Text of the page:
One of the more popular terms in education discussions is “learning styles.” The short version of it is that people perceive and think and learn in different ways, “meshing” with classroom content with different cognitive maps and dispositions. With a diversity of learning styles in any classroom, then, pedagogies must themselves diversify, allowing each learning style its chance to flower.
Educators apply it throughout primary, secondary, and higher education, the notion sparking changes in how people are supposed to teach, what resources schools should invest in, and how students are to be evaluated.
Like so many popular ideas in the field, however, the empirical evidence for learning styles is still weak. A study of the current scientific literature appears here in Psychological Science in the Public Interest.
Authors Harold Pashler, Mark McDaniel, Doug Rohrer, and Robert Bjork read and evaluated studies of learning styles and found, first, that “learning styles” is an amenable concept.
“Our review of the literature disclosed ample evidence that children and adults will, if asked, express preferences about how they prefer information to be presented to them. There is also plentiful evidence arguing that people differ in the degree to which they have some fairly specific aptitudes for different kinds of thinking and for processing different types of information.”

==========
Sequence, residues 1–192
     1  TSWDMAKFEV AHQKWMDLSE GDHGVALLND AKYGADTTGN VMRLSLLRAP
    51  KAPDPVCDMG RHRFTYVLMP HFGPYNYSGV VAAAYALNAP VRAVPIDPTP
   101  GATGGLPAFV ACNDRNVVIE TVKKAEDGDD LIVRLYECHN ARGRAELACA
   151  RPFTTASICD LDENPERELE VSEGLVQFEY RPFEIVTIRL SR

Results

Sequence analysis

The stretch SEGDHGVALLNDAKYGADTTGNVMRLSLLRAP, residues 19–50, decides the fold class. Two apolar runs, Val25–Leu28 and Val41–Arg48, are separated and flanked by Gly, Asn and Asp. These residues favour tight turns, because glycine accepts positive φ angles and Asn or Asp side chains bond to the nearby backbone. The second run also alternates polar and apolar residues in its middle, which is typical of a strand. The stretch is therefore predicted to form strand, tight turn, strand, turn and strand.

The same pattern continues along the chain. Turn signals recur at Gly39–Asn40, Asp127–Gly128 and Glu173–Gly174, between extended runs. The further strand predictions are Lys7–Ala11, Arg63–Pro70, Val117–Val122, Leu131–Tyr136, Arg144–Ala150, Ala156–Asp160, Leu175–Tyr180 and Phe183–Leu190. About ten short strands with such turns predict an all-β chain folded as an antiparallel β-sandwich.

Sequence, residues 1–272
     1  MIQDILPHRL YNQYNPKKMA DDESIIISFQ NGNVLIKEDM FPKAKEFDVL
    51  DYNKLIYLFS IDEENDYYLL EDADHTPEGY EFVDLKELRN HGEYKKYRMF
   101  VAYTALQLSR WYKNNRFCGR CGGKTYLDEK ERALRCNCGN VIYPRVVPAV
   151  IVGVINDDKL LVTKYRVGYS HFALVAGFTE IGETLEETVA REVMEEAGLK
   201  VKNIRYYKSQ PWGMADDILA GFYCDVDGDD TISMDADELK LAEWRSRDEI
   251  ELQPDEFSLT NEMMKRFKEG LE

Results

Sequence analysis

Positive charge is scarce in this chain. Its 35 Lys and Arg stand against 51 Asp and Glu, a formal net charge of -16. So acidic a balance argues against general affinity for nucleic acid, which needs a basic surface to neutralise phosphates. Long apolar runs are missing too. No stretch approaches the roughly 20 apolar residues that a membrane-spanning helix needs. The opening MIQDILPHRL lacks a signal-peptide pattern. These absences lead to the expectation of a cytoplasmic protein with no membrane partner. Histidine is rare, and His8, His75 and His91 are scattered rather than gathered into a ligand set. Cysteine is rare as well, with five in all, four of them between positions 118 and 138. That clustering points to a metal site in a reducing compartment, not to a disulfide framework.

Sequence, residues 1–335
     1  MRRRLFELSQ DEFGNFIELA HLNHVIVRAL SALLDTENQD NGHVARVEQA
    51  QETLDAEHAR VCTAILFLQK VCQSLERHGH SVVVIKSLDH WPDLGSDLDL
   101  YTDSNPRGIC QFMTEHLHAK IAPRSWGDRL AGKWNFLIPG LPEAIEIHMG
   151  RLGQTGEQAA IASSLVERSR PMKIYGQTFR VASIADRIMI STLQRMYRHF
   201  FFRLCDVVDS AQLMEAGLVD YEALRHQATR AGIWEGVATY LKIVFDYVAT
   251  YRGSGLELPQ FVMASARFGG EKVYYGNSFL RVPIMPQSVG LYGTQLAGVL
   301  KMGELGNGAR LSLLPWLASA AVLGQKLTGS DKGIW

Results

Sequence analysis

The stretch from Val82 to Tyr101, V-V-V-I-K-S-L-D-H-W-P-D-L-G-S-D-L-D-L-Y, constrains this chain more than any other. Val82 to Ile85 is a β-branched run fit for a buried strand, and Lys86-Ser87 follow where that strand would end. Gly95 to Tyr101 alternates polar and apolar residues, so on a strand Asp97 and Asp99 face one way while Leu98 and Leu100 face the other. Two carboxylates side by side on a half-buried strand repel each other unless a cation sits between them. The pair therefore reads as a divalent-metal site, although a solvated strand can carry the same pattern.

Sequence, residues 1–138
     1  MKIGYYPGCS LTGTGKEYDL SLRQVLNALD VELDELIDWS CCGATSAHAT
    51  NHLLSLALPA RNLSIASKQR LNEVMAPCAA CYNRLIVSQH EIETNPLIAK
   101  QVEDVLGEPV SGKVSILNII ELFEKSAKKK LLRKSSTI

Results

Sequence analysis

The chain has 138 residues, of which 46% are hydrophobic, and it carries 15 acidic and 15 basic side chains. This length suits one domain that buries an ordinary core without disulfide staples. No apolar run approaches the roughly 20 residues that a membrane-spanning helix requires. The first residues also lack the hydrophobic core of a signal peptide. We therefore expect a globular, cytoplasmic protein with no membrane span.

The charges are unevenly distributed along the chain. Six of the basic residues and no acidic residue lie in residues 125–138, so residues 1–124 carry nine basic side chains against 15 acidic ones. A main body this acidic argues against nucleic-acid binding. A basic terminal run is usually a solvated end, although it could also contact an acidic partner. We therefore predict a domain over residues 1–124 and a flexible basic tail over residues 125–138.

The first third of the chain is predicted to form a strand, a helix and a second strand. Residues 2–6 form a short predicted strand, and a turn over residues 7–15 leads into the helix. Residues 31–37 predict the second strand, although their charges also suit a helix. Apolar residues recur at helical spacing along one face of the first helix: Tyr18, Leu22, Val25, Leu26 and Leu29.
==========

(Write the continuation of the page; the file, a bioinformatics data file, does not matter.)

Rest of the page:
People like to regard their mental habits as distinct, and they like to have information customized to those habits. But when examined on scientific grounds, “learning styles” didn’t hold up as well:
“We found virtually no evidence for the interaction pattern mentioned above, which was judged to be a precondition for validating the educational applications of learning styles. Although the literature on learning styles is enormous, very few studies have even used an experimental methodology capable of testing the validity of learning styles applied to education. Moreover, of those that did use an appropriate method, several found results that flatly contradict the popular meshing hypothesis.”
With so little evidence for “learning styles,” the authors conclude, to make it the basis for pedagogical and curricular reform is risky and wrong-headed:
“We conclude, thereform, that at present, there is no adequate evidence base to justify incorporating learning styles assessments into general educational practice.”
Return to Top